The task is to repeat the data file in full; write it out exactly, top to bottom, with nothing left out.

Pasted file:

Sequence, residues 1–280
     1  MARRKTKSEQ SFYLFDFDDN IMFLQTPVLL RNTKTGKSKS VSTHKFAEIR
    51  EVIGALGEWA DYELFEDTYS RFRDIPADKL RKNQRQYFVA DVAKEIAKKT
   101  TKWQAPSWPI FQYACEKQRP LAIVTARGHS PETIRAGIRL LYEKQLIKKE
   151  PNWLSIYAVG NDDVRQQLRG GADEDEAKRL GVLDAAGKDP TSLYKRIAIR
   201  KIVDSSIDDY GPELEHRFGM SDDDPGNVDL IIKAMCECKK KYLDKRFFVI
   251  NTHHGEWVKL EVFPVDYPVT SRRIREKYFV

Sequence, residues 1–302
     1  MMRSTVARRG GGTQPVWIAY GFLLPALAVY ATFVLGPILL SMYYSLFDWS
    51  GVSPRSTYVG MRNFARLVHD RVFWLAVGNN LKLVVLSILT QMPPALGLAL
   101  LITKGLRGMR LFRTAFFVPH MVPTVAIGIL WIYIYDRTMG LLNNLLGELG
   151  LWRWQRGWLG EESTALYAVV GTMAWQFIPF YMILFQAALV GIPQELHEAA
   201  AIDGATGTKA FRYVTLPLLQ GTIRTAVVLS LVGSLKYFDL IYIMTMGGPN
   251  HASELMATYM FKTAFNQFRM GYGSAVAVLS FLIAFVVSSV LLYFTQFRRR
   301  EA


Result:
Sequence, residues 1–280
     1  MARRKTKSEQ SFYLFDFDDN IMFLQTPVLL RNTKTGKSKS VSTHKFAEIR
    51  EVIGALGEWA DYELFEDTYS RFRDIPADKL RKNQRQYFVA DVAKEIAKKT
   101  TKWQAPSWPI FQYACEKQRP LAIVTARGHS PETIRAGIRL LYEKQLIKKE
   151  PNWLSIYAVG NDDVRQQLRG GADEDEAKRL GVLDAAGKDP TSLYKRIAIR
   201  KIVDSSIDDY GPELEHRFGM SDDDPGNVDL IIKAMCECKK KYLDKRFFVI
   251  NTHHGEWVKL EVFPVDYPVT SRRIREKYFV

Sequence, residues 1–302
     1  MMRSTVARRG GGTQPVWIAY GFLLPALAVY ATFVLGPILL SMYYSLFDWS
    51  GVSPRSTYVG MRNFARLVHD RVFWLAVGNN LKLVVLSILT QMPPALGLAL
   101  LITKGLRGMR LFRTAFFVPH MVPTVAIGIL WIYIYDRTMG LLNNLLGELG
   151  LWRWQRGWLG EESTALYAVV GTMAWQFIPF YMILFQAALV GIPQELHEAA
   201  AIDGATGTKA FRYVTLPLLQ GTIRTAVVLS LVGSLKYFDL IYIMTMGGPN
   251  HASELMATYM FKTAFNQFRM GYGSAVAVLS FLIAFVVSSV LLYFTQFRRR
   301  EA